Wedding bands ehowcomYesterday, I featured excerpts from a post by the Revd Timothy V Shockley Sr of the Midwestern Bible Institute.

Today, I would like to share another of Pastor Shockley’s posts with you. The topic is marriage seen through a lens of preparation and planning. It is entitled ‘A Happy Marriage Is No Accident’.

Excerpts follow (emphases mine):

If we are so careful about planning for career success, why aren’t we just as careful about planning for success in marriage? After all, we spend years preparing for a career that may change at any time, yet devote very little time preparing for a relationship that is supposed to last a lifetime. If we are not careful we can end up spending too much time preparing for the wrong things. There is nothing wrong with going to school and getting an education or deliberately planning for success in meeting career “goals”. The problem is that there are many people who have successful careers but failed marriages because they spent much time learning how to get along with their boss and no time learning how to get along with their spouse. We invest more in preparation to make a living than to live life effectively.

As with any other endeavor in life, success in marriage depends on information and planning. Marriage is an investment, and success is directly proportional to the amount of knowledge and time invested in it. Success is not a gift, but the result of careful and deliberate preparation. Success is directly related to investment: when you invest in time and passion, you will more-likely succeed. “No one who hopes to build a new house approaches the project haphazardly. Success in such a venture means buying the right piece of property, securing the services of a qualified architect, and making certain that sufficient financing is available “to bring the whole project to completion. It is important to plan for the end before beginning, to count the cost up front, and try to anticipate the pitfalls and difficulties that will occur along the way.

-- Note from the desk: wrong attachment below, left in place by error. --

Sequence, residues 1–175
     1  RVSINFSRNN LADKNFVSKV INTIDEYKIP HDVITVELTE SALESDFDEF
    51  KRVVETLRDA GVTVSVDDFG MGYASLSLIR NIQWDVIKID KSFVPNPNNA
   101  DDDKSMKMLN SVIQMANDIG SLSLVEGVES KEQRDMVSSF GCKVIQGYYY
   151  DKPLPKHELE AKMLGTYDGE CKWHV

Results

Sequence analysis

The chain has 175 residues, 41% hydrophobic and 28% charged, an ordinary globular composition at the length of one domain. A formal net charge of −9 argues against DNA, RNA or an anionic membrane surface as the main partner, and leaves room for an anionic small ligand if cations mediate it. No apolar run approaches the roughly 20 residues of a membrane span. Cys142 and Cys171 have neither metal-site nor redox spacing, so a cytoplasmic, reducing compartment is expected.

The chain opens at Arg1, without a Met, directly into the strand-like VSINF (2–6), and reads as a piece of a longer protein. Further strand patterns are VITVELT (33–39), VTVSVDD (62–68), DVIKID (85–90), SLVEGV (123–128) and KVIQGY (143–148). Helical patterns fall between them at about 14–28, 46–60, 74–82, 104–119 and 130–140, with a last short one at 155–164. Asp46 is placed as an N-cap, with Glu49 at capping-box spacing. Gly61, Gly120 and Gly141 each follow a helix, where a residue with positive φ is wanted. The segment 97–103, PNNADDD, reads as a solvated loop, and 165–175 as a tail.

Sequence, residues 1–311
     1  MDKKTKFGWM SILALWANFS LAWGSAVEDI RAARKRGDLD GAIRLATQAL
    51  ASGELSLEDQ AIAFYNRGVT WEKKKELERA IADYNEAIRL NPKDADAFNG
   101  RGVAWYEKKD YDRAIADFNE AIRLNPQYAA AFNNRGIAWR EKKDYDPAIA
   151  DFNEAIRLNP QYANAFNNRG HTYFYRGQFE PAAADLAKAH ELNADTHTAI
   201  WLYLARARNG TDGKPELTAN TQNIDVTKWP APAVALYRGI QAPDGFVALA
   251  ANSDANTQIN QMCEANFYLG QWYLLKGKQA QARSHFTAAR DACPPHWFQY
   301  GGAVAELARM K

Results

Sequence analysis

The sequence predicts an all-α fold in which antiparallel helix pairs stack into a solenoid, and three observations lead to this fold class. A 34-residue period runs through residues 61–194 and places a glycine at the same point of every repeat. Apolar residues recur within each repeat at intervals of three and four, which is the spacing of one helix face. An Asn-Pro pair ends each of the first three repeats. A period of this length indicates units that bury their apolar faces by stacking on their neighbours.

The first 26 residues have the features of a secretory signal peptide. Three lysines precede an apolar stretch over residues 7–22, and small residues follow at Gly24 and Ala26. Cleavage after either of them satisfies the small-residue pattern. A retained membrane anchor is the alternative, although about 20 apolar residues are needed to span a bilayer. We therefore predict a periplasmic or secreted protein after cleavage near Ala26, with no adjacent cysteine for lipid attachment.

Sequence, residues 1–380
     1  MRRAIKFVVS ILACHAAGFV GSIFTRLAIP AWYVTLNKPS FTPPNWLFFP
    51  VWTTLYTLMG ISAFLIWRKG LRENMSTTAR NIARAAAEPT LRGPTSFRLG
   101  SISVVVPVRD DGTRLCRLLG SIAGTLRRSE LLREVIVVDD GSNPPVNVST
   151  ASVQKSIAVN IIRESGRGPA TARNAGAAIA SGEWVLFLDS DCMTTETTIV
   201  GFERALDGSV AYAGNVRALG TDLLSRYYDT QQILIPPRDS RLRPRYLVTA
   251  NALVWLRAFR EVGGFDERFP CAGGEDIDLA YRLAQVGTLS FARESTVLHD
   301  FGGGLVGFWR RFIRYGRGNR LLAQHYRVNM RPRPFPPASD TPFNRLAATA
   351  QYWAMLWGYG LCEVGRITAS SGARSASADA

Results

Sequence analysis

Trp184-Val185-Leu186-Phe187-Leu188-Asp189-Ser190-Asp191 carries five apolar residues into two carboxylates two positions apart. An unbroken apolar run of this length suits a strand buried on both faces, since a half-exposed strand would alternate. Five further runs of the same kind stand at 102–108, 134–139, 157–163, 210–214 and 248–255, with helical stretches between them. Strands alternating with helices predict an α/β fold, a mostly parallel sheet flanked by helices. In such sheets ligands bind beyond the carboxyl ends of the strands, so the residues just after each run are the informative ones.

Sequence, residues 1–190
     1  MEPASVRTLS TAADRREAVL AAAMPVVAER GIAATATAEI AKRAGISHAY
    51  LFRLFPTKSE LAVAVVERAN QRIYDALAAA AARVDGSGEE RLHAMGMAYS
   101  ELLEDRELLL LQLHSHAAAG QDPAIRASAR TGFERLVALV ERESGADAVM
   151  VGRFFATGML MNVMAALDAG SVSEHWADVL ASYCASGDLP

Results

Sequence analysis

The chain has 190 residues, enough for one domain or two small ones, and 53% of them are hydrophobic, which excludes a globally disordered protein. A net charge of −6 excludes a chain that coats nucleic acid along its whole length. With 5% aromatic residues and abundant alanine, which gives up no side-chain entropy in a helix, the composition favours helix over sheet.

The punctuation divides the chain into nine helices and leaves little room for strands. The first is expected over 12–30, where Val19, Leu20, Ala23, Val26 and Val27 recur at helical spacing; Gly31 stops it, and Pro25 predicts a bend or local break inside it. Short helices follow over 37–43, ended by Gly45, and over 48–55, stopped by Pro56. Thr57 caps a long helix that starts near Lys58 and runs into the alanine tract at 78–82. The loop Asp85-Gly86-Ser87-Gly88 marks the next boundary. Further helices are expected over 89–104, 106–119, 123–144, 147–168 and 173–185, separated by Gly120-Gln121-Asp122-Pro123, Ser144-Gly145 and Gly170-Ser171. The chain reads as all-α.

Jesus emphasized the importance of this kind of advance planning when He said, “Suppose one of you wants to build a tower. Will he not first sit down and estimate the cost to see if he has enough money to complete it? For if he lays the foundation and is not able to finish it, everyone who sees it will ridicule him, saying, ‘This fellow began to build and was not able to finish’” (Lk. 14:28-30). Although Jesus was speaking here specifically of counting the cost of following Him as a disciple, His words provide wise counsel for us with regard to any endeavor we undertake. We must plan for success. We must give the same attention to building a home as we do to building the house. Many beautiful houses are not homes.

Wise counsel to keep in mind. Yes, many careerists neglect their home life for glory and success in the business world.

I read some years ago of an actress who, after a period of box office success, decided to marry and start a family. One day she recalled the words of her father who had told her during her childhood, ‘A job won’t keep its arms around you at night’.

Yes, it is possible to work and maintain a proper home life with a spouse and family. However, as Pastor Shockley reminds us, it requires the same careful attention and planning that we put into our careers.

As he concludes:

Many beautiful houses are not homes.

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